Infotech and the Law: Tough to stick this conflict of interest charge
- By Jonathan Cain
- Mar 24, 2006
Organizational conflict of interest is a charge often bandied about but infrequently pinned down. Teaming partners frequently are asked to avow that they'll have no OCI if a contract is awarded, and subcontractors must warrant that their previous work for an agency won't create an OCI.
For as often as OCI is raised in an IT services procurement, relatively few court cases offer guidance as to what constitutes it. The U.S. Court of Federal Claims last month decided a bid protest in an IT services procurement in which OCI charges were a central issue.
The case arose when the Labor Department procured network-infrastructure and operations-support services. The agency invited a dozen holders of the General Services Administration Federal Supply Schedule contracts to bid for the multiyear blanket purchasing agreement.
One bidder, for seven years, had been an incumbent supplier of many of the operations-support services sought in the procurement. Another, for two years, had been a subcontractor providing system design, enterprise architecture and project planning and administration.
At the end of the evaluation, the operations-support incumbent lost the new contract to the systems development subcontractor. The operations contract incumbent filed a protest claiming that OCI rules barred award to the systems development subcontractor.
Because the Court of Federal Claims has little precedent of its own on which to rely in deciding OCI cases, it turned to a 10-year old decision from the General Accountability Office. That decision set three circumstances in which one offerer can, as a result of previous work for the agency, gain an unfair competitive advantage: unequal access to information, biased ground rules and impaired objectivity.
The most common charge ? and a claim made in this case ? is that as a result of previous work, one offerer has access to information not available to other competitors. The protester alleged that the awardee had participated
in daily internal agency meetings from which the protester was excluded, and had worked on development and integration of the systems that were to be maintained under the new contract. The court found this insufficient to establish OCI.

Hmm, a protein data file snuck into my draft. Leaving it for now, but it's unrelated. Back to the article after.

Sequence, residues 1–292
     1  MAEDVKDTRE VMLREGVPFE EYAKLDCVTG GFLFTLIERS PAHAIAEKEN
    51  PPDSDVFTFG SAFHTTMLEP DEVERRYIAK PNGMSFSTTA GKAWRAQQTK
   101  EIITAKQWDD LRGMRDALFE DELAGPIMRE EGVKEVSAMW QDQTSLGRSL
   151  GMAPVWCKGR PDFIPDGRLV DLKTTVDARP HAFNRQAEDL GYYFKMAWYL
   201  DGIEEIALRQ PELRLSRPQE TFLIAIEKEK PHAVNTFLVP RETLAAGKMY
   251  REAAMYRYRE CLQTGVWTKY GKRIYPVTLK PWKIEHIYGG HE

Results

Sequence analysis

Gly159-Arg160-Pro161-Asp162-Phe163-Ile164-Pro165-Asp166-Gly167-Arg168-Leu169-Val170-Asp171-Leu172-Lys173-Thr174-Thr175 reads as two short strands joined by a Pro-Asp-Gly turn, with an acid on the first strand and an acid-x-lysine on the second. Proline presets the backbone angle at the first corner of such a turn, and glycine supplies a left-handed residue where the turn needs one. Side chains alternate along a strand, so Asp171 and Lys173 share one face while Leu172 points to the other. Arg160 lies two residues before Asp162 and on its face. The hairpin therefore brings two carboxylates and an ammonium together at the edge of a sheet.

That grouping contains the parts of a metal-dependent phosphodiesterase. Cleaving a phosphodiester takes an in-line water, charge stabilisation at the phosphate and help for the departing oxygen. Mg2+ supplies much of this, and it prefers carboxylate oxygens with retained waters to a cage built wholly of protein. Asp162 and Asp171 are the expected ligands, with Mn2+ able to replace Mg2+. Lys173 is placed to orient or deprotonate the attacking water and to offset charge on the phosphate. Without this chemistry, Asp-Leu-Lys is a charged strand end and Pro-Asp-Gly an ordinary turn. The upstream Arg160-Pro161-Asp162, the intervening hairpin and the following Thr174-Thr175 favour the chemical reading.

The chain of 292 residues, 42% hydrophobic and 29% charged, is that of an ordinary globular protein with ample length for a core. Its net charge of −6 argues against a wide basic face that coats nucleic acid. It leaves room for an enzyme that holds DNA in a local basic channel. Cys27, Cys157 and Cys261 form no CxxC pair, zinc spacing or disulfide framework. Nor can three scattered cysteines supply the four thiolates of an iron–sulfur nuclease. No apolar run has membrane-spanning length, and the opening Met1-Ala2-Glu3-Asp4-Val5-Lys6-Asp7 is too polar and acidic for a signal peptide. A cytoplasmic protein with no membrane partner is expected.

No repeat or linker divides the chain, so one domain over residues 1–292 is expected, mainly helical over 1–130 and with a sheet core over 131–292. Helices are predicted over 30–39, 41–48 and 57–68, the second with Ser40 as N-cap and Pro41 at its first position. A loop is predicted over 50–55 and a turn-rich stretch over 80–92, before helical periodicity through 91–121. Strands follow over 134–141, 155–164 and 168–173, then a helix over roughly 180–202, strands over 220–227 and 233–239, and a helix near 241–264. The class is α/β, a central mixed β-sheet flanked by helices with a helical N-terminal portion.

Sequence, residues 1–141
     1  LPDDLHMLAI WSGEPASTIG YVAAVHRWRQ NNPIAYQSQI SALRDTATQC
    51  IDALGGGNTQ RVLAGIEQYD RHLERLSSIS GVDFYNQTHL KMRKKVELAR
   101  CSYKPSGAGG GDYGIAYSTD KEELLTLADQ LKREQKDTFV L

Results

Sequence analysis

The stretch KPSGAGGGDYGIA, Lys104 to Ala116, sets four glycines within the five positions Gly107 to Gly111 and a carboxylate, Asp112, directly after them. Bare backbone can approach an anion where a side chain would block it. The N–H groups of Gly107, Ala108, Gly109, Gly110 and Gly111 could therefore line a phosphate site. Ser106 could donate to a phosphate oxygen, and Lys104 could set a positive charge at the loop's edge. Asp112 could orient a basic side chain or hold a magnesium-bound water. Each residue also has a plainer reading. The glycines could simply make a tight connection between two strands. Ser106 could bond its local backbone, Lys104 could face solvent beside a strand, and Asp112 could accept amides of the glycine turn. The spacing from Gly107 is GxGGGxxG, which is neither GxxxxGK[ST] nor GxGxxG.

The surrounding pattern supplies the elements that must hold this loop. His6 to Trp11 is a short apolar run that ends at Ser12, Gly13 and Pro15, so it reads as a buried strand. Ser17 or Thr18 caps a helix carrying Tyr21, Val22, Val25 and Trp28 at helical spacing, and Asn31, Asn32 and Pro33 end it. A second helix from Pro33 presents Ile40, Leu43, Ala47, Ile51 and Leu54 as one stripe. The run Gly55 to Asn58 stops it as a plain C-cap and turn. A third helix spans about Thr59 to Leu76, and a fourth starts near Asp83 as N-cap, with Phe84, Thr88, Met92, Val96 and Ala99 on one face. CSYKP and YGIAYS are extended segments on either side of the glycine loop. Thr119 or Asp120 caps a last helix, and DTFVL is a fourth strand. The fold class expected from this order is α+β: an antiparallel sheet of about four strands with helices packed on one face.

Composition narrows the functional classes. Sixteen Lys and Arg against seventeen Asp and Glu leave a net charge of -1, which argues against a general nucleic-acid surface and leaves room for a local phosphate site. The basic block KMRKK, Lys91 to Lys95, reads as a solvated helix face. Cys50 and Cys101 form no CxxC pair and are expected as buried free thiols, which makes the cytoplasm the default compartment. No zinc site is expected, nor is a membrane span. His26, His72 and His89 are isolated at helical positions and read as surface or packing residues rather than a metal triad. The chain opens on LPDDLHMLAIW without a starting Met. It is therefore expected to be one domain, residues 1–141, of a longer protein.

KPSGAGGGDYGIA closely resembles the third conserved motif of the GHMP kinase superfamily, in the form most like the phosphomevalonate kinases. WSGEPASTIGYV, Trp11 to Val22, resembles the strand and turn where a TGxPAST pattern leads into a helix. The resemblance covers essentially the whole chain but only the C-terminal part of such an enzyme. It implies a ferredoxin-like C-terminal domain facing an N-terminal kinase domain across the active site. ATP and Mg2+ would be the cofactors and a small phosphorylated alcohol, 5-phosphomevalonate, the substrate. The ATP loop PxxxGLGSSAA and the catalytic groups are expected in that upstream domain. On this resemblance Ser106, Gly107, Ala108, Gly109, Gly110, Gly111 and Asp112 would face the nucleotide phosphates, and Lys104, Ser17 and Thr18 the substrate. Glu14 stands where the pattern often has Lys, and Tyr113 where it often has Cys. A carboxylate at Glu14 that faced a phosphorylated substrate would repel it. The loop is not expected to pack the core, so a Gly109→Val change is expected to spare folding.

In the court's view, any incumbent will have access to such information in the performance of its contract, and mere incumbency does not create an unfair competitive advantage. A successful OCI protest requires proof that the awardee acquired competitive information as a result of its previous work, and it enabled the awardee to submit a superior technical or price proposal.
This protester's case was weakened further by the fact that a non-incumbent, with no previous access to any non-public information, submitted the highest-ranked technical proposal.
The protester also charged that the awardee had helped design the systems the agency would use, participated in hardware and software selection and worked on assembly and integration of those systems. The protester claimed that this prior work unfairly gave the awardee means to bias the award process in its favor.
OCI can arise from a contractor having the means to skew the competition in its favor by setting ground rules for the follow-on work, or by obtaining special knowledge of the agency's future requirements. But as there was no evidence that the awardee had written any of the solicitation or helped set its specifications, the court rejected the claim.
Jonathan Cain is a member of the law firm Mintz Levin Cohn Ferris Glovsky and Pepeo PC in Reston, Va. The opinions expressed in this article are his. He can be reached by e-mail at email@example.com.